GS: The NGO lobby at the UN plays a crucial role, because it is a multi-billion-dollar-a-year business. It is an industry, and it needs to be called just that. It was the Ford Foundation that provided the funding for the creation of the nexus between NGOs and the UN. The ability of NGOs to influence policies and to frame critical developments, particularly, but not exclusively, in the Middle East came from their being recognized in the UN as “experts.” For instance, in the Human Rights Council, the NGOs do everything but vote. They participate in meetings. They circulate documents. They work closely with the people who write reports. This is why you hear the same phrases used in documents and speeches. Governments, even the Palestinian Authority, often rely on NGOs to do their legwork. It is the NGO position that reinforces the Palestinian narrative of victimization and other myths that are so rampant at the UN. Similarly, many NGOs erase the terror dimension of the Sri Lankan conflict, as well as in the Rohingya crisis in Myanmar, and ignore the nuance and complexity of Australia’s migrant policies. There are standard memes on each issue that get repeated constantly. The right of governments to protect their sovereignty and to determine their interests independently is never even acknowledged, let alone taken into account, by the NGO industry.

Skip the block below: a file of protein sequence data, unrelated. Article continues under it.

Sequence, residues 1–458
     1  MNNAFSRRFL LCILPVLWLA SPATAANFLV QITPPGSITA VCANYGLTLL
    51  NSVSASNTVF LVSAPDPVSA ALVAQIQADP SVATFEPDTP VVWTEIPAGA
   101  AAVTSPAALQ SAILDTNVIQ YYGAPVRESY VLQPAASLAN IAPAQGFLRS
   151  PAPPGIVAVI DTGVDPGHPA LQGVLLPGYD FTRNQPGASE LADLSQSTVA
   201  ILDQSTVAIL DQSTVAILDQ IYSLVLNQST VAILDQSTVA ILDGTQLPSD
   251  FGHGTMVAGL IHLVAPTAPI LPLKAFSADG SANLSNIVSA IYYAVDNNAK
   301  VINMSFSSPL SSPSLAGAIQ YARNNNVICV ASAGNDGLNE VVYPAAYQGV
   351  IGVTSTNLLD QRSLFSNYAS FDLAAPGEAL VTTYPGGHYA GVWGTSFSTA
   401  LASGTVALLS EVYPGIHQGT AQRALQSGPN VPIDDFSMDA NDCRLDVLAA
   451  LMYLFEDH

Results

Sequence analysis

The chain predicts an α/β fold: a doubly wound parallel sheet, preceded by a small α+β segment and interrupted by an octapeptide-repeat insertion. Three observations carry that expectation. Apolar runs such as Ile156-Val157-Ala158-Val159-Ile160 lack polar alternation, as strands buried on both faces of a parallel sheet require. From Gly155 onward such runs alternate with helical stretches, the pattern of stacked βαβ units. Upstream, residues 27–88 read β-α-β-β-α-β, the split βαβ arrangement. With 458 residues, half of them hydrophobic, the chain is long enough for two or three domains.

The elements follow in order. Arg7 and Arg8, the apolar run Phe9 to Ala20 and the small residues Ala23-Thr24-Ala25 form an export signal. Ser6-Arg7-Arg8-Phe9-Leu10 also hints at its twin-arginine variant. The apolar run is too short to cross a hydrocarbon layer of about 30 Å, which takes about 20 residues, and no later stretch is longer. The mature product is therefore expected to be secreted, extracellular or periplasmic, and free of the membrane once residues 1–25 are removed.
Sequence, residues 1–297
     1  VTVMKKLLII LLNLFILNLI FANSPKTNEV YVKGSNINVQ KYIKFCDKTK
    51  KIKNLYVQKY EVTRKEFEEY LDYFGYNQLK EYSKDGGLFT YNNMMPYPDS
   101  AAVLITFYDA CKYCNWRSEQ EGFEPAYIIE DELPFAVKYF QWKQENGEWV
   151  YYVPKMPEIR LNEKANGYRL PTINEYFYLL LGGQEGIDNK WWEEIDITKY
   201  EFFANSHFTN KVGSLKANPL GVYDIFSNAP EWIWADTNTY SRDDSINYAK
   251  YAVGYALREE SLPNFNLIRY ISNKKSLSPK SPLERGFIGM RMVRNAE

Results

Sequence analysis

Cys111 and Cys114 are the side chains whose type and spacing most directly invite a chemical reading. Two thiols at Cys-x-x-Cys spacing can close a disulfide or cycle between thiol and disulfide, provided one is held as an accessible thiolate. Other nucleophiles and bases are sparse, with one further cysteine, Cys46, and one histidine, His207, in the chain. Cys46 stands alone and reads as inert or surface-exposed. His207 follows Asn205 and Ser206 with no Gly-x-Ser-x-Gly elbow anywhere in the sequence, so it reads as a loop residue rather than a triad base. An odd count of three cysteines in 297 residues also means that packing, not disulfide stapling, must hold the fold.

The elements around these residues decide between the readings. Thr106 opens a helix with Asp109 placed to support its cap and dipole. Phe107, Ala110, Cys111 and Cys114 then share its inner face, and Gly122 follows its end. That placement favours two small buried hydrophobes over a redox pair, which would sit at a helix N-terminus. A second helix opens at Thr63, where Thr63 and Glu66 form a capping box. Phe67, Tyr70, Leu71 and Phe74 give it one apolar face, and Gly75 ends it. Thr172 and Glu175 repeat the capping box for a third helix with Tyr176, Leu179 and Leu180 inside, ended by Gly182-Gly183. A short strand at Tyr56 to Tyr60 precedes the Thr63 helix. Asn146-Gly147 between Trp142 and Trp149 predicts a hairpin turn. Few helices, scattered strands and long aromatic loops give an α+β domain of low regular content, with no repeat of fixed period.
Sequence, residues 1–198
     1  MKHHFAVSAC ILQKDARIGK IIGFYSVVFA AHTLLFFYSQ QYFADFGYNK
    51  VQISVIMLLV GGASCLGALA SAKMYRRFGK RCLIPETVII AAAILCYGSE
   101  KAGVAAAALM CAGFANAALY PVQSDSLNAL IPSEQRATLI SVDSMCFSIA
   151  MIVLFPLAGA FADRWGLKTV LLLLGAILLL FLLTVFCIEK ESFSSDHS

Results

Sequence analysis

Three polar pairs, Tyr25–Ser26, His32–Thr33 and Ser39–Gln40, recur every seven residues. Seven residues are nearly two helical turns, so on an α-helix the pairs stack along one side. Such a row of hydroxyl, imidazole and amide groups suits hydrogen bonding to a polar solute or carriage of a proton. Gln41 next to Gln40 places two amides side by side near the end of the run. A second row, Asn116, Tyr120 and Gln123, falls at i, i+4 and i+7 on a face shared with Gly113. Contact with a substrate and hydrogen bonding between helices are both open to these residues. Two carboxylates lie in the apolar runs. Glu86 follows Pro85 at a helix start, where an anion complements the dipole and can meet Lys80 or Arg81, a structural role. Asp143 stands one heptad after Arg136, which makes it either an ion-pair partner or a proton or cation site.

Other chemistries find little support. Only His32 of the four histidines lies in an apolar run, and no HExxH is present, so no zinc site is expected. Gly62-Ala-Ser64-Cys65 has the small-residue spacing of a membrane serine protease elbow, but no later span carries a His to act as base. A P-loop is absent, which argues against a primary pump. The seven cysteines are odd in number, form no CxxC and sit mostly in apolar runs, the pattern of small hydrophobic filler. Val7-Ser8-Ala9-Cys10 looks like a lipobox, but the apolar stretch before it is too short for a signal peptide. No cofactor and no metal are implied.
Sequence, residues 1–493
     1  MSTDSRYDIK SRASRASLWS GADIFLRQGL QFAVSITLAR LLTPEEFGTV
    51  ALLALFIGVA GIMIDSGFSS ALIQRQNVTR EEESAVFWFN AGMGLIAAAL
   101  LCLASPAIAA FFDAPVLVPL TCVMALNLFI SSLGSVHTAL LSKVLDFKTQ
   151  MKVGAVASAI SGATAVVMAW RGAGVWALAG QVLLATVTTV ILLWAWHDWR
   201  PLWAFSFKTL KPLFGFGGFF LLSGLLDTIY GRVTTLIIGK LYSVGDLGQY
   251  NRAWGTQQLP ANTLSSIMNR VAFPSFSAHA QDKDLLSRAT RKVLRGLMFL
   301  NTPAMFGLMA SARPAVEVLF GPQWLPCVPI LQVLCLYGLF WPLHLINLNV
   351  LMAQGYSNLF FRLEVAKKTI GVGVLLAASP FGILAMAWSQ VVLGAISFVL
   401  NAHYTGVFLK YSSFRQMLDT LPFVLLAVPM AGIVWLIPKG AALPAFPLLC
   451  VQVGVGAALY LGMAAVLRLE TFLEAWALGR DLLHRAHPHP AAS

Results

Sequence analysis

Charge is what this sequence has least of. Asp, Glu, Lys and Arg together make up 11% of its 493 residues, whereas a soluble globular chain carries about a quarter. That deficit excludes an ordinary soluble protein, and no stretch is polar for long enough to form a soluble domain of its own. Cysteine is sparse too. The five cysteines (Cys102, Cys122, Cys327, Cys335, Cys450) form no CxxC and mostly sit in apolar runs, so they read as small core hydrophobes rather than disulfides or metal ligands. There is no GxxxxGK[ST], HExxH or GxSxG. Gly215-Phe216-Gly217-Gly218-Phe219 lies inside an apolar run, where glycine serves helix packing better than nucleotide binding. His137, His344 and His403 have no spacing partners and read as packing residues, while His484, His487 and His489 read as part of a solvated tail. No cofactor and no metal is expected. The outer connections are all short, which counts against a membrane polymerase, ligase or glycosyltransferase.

Gatestone: Citing UN “inefficiency and overspending,” U.S. Ambassador to the UN Nikki Haley just announced a huge cut in the American operating budget for the world body. Is the NGO industry, as you call it, a significant part of this overspending?
GS: This goes back to why I have spent the last 15 years following the NGO money trail. As a graduate student in physics, the first third of my professional career was devoted to the issue nuclear proliferation — Iraq and Iran, Libya, the US and the Soviet Union – hard power.
The second phase of my career, after the Cold War, was devoted to conflict resolution through diplomacy.
Then came the 2001 “United Nations World Conference against Racism, Racial Discrimination, Xenophobia and Related Intolerance,” held in Durban, South Africa. The conference, known as Durban I, featured an NGO Forum funded by the Ford Foundation, the EU and the Canadian government, which brought in 5,000 participants to accuse Israel of apartheid, deny the Holocaust, and call for an economic assault against Israel. The text of the final declaration was hatched in a pre-conference meeting in Teheran, also held under UN auspices; all the participants knew exactly what they were participating in.